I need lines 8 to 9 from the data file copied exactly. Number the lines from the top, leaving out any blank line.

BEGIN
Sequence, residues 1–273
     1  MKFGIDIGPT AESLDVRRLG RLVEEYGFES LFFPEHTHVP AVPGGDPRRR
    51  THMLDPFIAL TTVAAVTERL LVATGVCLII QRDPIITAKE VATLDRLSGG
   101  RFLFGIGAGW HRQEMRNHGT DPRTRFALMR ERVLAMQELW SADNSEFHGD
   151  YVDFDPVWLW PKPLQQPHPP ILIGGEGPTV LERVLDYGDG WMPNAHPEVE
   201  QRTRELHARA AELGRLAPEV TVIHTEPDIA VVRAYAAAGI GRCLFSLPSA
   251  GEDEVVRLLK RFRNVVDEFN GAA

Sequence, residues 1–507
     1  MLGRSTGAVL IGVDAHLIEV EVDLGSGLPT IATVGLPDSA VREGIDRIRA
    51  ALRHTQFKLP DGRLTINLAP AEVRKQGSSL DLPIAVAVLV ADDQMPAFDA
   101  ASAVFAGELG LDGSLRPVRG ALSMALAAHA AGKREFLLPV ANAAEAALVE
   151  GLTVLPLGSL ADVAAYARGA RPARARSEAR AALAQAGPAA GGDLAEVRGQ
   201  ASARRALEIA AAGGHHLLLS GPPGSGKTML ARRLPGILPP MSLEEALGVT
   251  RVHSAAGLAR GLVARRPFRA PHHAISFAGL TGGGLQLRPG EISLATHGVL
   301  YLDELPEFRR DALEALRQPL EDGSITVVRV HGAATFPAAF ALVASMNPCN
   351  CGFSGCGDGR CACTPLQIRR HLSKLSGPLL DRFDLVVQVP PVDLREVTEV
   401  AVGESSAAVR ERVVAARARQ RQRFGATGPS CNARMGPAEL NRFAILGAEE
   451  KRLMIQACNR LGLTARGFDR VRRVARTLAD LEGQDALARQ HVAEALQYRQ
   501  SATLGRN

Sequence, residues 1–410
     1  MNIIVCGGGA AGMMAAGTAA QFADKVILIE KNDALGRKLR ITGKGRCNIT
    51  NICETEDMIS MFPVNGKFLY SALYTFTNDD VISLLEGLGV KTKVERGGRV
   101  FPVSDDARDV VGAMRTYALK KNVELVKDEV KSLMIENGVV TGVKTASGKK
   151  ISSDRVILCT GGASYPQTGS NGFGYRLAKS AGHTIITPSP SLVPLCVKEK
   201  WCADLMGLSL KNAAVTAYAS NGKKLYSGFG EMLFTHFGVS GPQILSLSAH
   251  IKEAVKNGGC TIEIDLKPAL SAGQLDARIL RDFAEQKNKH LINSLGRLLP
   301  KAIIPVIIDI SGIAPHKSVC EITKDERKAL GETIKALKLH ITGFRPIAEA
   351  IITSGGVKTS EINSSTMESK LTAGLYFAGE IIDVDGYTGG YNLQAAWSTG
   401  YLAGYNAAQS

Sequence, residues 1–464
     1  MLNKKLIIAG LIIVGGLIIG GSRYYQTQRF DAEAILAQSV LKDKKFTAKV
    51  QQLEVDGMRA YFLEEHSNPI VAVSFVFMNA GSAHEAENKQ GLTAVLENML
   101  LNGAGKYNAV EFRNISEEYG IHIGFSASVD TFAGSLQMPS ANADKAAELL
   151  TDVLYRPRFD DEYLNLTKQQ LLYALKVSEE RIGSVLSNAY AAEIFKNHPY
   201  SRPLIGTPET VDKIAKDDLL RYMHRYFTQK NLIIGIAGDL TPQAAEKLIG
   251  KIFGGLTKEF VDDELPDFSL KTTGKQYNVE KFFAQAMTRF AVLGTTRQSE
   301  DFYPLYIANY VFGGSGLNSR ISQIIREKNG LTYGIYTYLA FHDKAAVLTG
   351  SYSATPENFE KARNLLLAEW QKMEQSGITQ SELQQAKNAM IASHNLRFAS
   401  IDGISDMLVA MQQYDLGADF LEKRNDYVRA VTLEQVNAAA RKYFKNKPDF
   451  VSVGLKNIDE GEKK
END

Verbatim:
Sequence, residues 1–507
     1  MLGRSTGAVL IGVDAHLIEV EVDLGSGLPT IATVGLPDSA VREGIDRIRA